The Olympics and Simone Biles are still on my mind. How can they not be? After all, I'm still a coach of youth sports, and my own sport still faces its own struggles with prioritizing medals and money over athlete well-being.
Is an athlete's body their duty? What is missing inside us that we make young athletes feel as if the well-being and identity of our community depends on their performance? The athletes are the ones sacrificing and working, not the NGB's. Even before I discovered yoga, I often wondered why college basketball fans yell, curse, cry, and fight over teams of 18 and 19 year-olds. They're just kids.
Can we still love and support a sport when we are aware of the layers of abuse that have historically been tolerated and perpetrated by those in power?
Elite sports, by nature, require a level of single-mindedness that some would argue is pathological. What do we do with this knowledge? Just how much should a coach push an athlete to help them achieve their goal?
What role do agency and bodily autonomy play in our path to healing and creating a truly safe sport? Is it possible for young people to achieve success and be well-balanced, multi-dimensional humans?
These are the questions that have kept me up at night for years and made me question the depth of my involvement in skating. These are the questions that led me to found The Skating Yogi--to offer athletes and former athletes a safe community in which to explore these questions and find their own individual answers through the powerful embodiment practices of yoga.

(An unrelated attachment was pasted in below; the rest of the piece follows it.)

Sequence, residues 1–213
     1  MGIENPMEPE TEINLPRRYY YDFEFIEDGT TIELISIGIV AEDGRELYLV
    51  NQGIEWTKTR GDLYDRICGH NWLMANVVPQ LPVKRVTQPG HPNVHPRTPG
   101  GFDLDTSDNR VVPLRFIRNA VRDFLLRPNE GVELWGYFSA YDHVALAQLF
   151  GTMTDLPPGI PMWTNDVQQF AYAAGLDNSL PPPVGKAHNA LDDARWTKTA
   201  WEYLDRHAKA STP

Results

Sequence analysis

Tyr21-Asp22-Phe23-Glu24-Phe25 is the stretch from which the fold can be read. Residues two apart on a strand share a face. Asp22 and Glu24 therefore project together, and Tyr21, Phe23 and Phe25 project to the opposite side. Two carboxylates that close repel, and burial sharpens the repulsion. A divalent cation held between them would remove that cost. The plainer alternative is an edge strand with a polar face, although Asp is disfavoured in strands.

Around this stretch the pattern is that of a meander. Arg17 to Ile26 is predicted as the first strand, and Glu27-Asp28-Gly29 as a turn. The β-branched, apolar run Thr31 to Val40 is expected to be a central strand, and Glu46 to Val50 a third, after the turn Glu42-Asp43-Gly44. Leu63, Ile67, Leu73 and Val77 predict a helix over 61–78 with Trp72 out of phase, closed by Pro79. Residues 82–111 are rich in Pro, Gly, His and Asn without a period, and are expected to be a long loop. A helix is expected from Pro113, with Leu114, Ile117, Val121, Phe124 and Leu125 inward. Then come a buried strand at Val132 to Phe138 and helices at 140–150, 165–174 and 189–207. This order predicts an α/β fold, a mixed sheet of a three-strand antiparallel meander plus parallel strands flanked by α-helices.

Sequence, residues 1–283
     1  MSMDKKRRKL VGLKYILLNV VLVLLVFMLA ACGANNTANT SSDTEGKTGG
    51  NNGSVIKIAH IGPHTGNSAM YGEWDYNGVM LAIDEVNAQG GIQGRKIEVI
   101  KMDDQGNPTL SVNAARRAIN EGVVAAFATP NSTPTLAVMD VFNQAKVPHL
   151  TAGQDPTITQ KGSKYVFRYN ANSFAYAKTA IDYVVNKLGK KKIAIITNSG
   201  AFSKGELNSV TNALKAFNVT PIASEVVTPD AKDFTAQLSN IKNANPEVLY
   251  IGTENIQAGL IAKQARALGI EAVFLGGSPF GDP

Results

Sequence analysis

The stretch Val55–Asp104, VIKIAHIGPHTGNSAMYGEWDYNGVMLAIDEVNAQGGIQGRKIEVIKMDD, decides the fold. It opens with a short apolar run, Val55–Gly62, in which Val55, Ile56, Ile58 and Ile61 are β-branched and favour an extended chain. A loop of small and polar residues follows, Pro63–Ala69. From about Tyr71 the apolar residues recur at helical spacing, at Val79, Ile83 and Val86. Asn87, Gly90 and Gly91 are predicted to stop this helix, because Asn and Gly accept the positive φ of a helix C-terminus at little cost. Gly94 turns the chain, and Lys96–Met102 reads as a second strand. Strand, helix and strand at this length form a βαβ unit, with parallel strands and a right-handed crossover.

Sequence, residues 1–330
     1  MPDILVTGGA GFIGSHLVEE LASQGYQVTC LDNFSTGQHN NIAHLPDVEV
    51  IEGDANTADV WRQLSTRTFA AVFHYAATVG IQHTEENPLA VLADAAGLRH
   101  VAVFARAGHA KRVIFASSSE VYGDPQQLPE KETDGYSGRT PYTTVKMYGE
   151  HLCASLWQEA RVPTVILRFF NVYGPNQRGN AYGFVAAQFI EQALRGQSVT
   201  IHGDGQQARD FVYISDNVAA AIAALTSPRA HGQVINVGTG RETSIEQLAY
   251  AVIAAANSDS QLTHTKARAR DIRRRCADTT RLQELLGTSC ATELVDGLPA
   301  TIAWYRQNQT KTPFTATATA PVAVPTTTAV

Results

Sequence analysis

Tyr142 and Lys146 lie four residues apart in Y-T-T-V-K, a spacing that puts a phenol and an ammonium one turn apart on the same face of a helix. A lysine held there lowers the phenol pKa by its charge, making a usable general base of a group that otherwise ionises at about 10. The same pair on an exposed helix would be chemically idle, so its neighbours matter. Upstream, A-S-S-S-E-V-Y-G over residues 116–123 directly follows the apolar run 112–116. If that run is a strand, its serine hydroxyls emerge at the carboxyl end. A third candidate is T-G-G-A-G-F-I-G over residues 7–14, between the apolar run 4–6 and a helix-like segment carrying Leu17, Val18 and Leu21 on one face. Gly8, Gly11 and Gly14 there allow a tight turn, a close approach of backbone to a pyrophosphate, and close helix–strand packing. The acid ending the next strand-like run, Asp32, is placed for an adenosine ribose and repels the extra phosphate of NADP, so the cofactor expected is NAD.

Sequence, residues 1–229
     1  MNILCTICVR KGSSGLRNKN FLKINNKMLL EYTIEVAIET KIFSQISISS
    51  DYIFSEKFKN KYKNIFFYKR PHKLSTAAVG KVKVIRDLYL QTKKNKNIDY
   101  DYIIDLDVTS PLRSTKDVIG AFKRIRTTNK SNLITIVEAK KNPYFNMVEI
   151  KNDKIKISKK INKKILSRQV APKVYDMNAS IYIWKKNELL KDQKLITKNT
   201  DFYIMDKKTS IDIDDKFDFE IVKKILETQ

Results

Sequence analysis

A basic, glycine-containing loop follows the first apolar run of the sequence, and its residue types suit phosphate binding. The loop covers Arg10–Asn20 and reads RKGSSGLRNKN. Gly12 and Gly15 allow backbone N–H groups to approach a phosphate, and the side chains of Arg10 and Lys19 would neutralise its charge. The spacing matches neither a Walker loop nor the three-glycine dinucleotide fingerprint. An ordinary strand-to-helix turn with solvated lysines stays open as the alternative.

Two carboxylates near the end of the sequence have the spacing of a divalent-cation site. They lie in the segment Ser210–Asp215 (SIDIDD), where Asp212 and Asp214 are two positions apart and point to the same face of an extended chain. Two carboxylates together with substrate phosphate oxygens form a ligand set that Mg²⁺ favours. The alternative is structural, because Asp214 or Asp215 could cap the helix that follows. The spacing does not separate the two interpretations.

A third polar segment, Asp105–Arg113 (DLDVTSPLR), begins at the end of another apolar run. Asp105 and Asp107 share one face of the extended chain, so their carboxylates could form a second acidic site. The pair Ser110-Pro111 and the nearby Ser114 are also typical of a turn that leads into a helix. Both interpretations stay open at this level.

If you have asked yourself these questions and other similar ones, I encourage you to listen to this podcast by The Atlantic.
It feels like we are at a tipping point toward a safer world of sports, thanks to the work of many brave victims from many sports. This podcast, while difficult to listen to at times, left me feeling very hopeful for the future.
Until then, I'll stay in the present and keep doing my work.
Author // the skating yogi
My name is Sarah Neal. I have been immersed in the world of figure skating for over four decades. I have seen firsthand the abuse that happens at the higher levels of our sport and experienced how that trickles down into unhealthy training practices and habits at the grassroots. I have seen this play out in the operations of the very institutions that control our sport. Whether for a profession or hobby, pursuing skating should be a joyful, rewarding process, an opportunity for athletic and personal growth, and a place to build lasting friendships.